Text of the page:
My Son is Having Two Yahrzeits This Year

Which Yahrzeit Should I Observe? The anniversary of a person’s passing on the Jewish calendar is called a yahrzeit. In Yiddish, yahrzeit means ‘year time’, and is the time once a year when Jewish people acknowledge their loved ones by lighting a candle, saying Kaddish in synagogue, performing mitzvot, and studying Torah. A yahrzeit is... Continue Reading →

To Mourn Or Not To Mourn?

A New Chapter In Grief And Mourning I’m in the middle of the second year of my son’s passing. Until now, I thought about Jacob constantly. From the time I awoke in the morning until the time I went to bed at night, my thoughts were on him. Now, for some reason, I don’t think... Continue Reading →

My Son’s First Yahrzeit

The Meaning of a Year Gone By Without Jacob My son, Jacob, just had his first yahrzeit. This was the day I’d been dreading. Thankfully, it wasn’t the miserable crying fest I thought it would be. My husband and I were around other people during the morning, and in the afternoon, Jacob’s older brother Adam... Continue Reading →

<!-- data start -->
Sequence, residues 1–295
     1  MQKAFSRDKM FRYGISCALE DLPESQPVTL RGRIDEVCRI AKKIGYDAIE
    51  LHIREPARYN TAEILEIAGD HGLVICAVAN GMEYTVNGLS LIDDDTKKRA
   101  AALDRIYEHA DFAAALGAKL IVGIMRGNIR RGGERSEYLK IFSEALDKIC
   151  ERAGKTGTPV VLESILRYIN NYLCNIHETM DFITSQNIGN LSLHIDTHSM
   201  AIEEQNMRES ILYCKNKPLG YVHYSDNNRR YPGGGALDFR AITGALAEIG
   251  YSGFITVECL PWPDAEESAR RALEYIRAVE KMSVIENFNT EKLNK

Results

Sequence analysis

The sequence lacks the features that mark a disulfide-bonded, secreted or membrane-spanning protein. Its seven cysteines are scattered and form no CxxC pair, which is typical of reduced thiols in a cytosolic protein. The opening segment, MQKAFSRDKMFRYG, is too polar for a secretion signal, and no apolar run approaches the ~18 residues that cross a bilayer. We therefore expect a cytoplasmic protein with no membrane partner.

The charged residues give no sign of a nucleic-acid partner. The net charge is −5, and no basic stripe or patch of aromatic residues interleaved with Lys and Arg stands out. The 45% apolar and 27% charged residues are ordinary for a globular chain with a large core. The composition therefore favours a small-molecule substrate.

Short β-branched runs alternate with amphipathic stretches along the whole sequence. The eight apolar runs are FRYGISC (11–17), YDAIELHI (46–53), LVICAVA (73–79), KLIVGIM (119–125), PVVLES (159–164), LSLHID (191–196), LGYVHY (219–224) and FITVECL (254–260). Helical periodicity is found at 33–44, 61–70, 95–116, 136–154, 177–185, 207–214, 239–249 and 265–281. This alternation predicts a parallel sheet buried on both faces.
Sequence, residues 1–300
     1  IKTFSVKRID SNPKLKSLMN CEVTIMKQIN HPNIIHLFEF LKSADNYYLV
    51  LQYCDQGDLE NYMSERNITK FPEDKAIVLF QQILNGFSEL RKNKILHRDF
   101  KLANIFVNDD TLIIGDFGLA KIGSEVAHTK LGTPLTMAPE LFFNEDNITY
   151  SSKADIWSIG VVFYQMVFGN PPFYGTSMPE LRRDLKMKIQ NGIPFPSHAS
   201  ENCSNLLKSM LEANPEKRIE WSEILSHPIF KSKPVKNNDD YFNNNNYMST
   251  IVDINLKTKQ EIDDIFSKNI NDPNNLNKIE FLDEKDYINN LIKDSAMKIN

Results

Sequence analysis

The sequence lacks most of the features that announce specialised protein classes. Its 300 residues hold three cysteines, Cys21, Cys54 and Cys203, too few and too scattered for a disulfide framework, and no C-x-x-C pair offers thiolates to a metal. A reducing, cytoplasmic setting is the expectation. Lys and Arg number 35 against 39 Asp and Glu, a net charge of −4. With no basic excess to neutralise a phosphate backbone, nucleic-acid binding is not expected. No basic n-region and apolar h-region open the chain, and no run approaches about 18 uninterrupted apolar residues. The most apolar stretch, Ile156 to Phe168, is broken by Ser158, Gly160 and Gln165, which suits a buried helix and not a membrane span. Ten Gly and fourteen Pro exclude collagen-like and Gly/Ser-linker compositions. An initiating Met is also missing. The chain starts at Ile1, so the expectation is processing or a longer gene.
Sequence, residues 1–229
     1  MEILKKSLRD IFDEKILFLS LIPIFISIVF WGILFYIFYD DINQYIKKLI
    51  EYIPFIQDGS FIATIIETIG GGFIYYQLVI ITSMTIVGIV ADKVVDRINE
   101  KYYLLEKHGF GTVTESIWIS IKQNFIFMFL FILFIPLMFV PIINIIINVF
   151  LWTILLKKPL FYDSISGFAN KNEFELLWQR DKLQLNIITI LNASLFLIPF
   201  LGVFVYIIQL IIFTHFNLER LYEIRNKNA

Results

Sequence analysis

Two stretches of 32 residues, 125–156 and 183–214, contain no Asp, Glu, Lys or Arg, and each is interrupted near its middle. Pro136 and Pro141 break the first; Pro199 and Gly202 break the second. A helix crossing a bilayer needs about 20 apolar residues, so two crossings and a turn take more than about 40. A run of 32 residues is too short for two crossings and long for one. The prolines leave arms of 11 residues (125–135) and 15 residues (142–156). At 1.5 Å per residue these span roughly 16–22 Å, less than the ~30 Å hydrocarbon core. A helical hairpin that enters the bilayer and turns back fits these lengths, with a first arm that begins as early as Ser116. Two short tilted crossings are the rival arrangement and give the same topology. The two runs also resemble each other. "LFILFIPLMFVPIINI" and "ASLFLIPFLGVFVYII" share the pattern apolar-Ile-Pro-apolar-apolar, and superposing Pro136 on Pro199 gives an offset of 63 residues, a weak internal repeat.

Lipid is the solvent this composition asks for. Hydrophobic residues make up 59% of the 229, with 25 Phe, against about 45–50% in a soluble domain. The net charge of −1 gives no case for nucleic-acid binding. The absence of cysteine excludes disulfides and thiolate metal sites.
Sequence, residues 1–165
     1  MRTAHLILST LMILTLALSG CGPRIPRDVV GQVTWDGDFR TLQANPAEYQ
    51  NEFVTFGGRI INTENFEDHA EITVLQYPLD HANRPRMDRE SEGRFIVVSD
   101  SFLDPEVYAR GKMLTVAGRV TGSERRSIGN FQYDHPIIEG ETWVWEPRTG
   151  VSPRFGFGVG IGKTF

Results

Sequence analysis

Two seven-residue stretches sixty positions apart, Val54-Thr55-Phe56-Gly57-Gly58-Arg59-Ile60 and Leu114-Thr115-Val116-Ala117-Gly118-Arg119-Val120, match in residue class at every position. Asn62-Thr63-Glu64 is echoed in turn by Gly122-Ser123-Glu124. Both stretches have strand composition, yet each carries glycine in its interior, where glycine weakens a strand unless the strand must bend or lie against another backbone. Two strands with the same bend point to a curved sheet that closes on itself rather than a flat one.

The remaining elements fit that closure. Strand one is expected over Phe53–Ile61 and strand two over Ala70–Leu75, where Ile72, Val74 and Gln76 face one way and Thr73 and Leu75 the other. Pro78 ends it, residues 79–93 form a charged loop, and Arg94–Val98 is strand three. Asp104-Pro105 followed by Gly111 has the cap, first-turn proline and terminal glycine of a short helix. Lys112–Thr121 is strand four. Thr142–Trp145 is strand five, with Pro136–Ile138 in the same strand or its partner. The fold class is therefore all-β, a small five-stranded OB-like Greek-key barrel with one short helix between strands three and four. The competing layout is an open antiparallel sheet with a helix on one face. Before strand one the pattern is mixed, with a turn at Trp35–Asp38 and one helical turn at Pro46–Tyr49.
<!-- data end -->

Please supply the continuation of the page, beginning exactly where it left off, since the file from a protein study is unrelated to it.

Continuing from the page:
Cremation or Burial? A Jewish View

In memory of our son’s yahrzeit, my husband and I sponsored the lecture, ‘Cremation or Burial? A Jewish View’, given on Zoom by Mr. Doron Kornbluth. This presentation was hosted by Rabbi Sholom Pinson of Chabad of South Bay in California where Jacob attended school and synagogue services. In the past, cremation was not performed... Continue Reading →

I Felt I Was Mourning Alone

Understanding Child Loss is Impossible for a Parent Who Has Never Experienced It After I lost my son, during the week of shiva people were coming to our home saying ‘May G-d comfort you among the mourners of Zion and Jerusalem’. These are the traditional words of consolation said to Jewish mourners. But I would... Continue Reading →

Stories of Child Loss in Jewish Writing

Parents Mourning Children in Torah and Tanach When my adult child died suddenly, everything seemed upside down. I was confused, agitated, unable to focus on anything for more than five minutes. Time seemed as if it was running backwards. Children are supposed to bury their parents, not the other way around. Intellectually, I knew that... Continue Reading →

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